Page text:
If you click on the picture, you will find a PDF file of a Record of Survey drawing or map that represents a property boundary survey performed and recorded by AZ Land Surveying. Because we found all of the monuments for the property we were surveying, the survey itself was very routine. However, an error in a nearby survey monument caused us a lot of concern.
We were not obligated to clarify the error. Even though it cost us an additional trip and over three times the amount of time projected for the project, we felt it was our professional duty to clarify and record the problem in order to prevent any additional errors.
While conducting the property boundary survey, a major problem was discovered in the northeast corner of Section 1. Information about the Sections has been provided below.
The original northeast corner of Section 1, and the remainder of the Sections in this township, were set by the US government between 1914 and 1915. In 1985 a private land surveyor was conducting a survey which required the use of the monument at the northeast corner of Section 1. Unfortunately, it was missing. That land surveyor used the proper procedures for restoring the location of the original monument the northeast corner. However, the monument he found and used to the west was ten feet west of the monument he was supposed to use. Based on the way it was calculated, it put six feet of error in the location. As can be seen in my survey, there were numerous existing monuments in a subdivision that was created in 1971 that the land surveyor could have used, and should have used, to clarify the problem. Additionally, that subdivision map depicts the monument used in error by that land surveyor.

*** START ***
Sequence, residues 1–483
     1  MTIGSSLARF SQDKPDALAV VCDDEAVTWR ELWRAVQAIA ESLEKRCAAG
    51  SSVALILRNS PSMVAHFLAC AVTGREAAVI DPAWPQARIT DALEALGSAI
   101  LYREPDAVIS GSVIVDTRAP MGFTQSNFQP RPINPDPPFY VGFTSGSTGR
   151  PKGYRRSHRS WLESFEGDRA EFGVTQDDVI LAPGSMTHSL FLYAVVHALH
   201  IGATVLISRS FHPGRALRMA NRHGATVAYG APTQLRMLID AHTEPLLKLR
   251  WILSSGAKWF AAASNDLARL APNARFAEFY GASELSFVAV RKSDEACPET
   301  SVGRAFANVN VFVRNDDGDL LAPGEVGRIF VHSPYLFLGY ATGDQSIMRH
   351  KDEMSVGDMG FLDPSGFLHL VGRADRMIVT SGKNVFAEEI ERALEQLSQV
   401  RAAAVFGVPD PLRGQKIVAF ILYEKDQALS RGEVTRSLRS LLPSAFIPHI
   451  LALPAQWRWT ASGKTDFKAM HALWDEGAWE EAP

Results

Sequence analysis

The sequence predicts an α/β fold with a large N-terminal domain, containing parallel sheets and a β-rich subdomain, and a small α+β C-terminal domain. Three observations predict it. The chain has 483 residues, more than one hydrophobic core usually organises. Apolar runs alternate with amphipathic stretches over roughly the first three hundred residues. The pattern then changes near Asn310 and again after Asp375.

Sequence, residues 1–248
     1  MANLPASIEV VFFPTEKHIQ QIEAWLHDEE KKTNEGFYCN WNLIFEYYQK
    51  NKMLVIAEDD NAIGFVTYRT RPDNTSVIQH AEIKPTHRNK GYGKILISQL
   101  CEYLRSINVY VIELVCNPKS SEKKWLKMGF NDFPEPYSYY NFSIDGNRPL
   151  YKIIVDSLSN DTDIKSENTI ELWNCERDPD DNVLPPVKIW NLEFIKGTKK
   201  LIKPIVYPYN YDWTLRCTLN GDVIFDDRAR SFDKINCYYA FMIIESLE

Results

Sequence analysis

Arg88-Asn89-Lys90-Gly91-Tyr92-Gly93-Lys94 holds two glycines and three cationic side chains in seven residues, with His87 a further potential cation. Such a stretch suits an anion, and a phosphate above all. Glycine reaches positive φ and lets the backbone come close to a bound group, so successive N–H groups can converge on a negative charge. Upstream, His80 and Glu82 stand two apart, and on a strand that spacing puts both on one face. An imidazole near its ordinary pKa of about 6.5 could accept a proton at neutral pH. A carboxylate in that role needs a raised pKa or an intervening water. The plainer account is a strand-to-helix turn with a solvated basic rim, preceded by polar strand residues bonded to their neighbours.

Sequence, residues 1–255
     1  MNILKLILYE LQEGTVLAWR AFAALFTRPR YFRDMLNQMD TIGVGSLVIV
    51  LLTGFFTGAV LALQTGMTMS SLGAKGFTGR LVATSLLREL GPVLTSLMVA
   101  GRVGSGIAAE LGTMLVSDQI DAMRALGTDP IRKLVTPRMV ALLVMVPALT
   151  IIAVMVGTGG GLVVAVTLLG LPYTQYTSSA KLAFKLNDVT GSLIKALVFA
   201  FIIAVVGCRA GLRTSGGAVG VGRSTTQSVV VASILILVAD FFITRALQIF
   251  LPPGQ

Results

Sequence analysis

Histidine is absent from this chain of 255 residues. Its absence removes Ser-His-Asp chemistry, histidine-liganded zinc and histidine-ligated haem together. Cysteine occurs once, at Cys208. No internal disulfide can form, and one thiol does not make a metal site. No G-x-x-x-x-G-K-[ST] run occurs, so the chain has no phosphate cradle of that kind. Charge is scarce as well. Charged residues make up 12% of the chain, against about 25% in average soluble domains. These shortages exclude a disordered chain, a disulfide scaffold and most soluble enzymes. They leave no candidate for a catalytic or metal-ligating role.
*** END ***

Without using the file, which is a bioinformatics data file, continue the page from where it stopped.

Because of the error, at least one lot was mis-surveyed in the subdivision. Also, some new properties were created by dividing larger ones, including the one by the surveyor setting the inaccurate monument, that relied on an incorrect location. Now any following land surveyor needs to be aware of which monument location is accurate for the property survey he is retracing.
In Arizona Territory, the US Government had arranged a grid of 36 square mile Townships, 6 miles wide by 6 miles long, across all of Arizona. Each square mile is called a Section and numbered from 1 to 36. The base point for the grid was originally located in 1851. A large number of townships were surveyed before 1912 when Arizona became a state. Every half-mile, along each Section line, a survey monument was placed. Originally stones with markings chiseled on them were used. This monument in particular represented the northeast corner of Section 1, of Township 1 North, Range 6 West.
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